11. “Private investment financed by credit-creation in the private banking system can create hyperinflation.

      Without the government printing money at the same time? Are there any examples?”

      Well, Weimar. The prices had ALREADY skyrocketed even before the money was ‘printed’ (indeed, a problem at the time was that prices had risen so much that the currency to accommodate the price increases were not yet in existence; the state had to print the money, not at the same time, but retrospectively in response to what the private sector needed i.e. the prices it had set in the market place at a time of massive supply shortages and response to pent-up demand). At the very least this suggests the money supply is endogenous, responding to large supply side shocks as people compete for very finite resources (production in 1922 was 42 percent less than it was in 1913; imports virtually frozen for a time, much like in Russia). And, of course, given there was a secular rise in prices (even under the gold standard), after the war a boom in private investment in machines took place as capitalists took advantage of the high inflation rate to pay off their debts, feeding into the demand for goods.

      But the point here is that it is not a case of government just “printing money” first, but an endogenous demand for money it.

    12. “Endogenous Moneyists stress the role of wages. I think most episodes of inflation were caused due to drastic increases in wages – the government increasing the wages of its own employees (at least in Zimbabwe), and the resulting wage-price spiral makes the whole thing go out of control”.

      Cf. with Weimar. The wages are, I think, were response to galloping prices – most universities Professors salary contracts were pegged to inflation during the German hyperinflation: so they were first paid 500 000 marks, this tripled to 1 500 000 in a short while – but it had taken into consideration the prices (caused by supply side shocks). But yes, then, there is a vicious spiral that emerges – although alot of people were not getting paid at the height of the Weimar inflation as prices were rising even though the money was not “printed” to reflect the prices on the market (so banks and local councils had to do it).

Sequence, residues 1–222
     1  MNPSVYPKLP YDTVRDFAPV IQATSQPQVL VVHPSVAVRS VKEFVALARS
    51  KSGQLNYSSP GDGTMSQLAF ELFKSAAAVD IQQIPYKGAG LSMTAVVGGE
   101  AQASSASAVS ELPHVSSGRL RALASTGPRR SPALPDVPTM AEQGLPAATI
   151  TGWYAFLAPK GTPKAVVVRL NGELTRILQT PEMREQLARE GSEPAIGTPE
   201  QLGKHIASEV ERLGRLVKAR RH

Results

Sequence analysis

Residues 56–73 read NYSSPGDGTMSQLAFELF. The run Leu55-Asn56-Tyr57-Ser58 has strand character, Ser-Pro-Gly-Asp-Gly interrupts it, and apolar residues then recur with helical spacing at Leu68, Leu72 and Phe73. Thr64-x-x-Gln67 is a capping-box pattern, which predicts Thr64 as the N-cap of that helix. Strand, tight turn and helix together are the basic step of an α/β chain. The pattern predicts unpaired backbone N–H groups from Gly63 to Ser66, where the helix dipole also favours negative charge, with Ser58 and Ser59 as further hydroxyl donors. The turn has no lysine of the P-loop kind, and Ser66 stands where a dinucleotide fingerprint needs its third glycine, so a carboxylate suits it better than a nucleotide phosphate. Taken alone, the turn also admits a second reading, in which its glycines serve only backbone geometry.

Of course, the Weimar inflation ended once the government intervened with the establishment of a Central Bank in tadem with the withdrawl from the Ruhr, the industrial heart land of Germany.

    13. Sorry but I don’t think Weimar is an example. The question is not whether the money gets printed first or prices rise first, hyperinflation is a vicious cycle. Had the government not printed the money to accommodate the rise in prices, the inflationary process would have slowed until it stopped.

      The question is, is there any case of hyperinflation within a gold standard or pegged currency regime? I don’t think so.

    14. Spadj,

      The causality wage-price is in both directions. So if wages can be prevented from rising fast enough then one can put some cutoff on price rises.

    15. I don’t think it would as the supply side shocks – due to the state of German external accounts, weather, and the Ruhr invasion – were of such magnitude that the printing money issue is a secondary issue (as it was in Austria, Hungary, Russia all of whom experienced hyperinflation at the time due to supply-side issues – note all losers of the war). It matters whether prices rise first or money, as money is printed first because it shows that money supply is endogenous, which is what Bill’s point is.

      As I said, a) prices had risen so much that printing money was responsive to what the market place had already set (the banks themselves were requesting the currency be made and some took that extra step); b) there was a secular rise in inflation (triple digit) since the end of the war – even when the mark was attached to the gold standard (at least on the international market); and if I may add in c) there have been, by contrast, many depressions under a gold standard or pegged currency regime (let’s not forget the other side of the coin).

      What was the Nicaraguan and Puru’s hyperinflation based on?

    16. @ Ramanan, yes hence my point about a vicious spiral, although I was looking at the sort of contracts / obligations that existed in Weimar Germany at the time.

    17. Also, on the issue of hyperinflation and private credit, we should not forget there was a fixed investment boom going on as several businesses were investing in equipment, machinery, mortgages and factories as the secular inflation after the war took place (inflation easily eroded the debt, thus an interest to maintain the inflation) – thus, another reason the private sector and credit channels could contribute to the hyperinflation, adding to AD at least at the early stages of the cycle.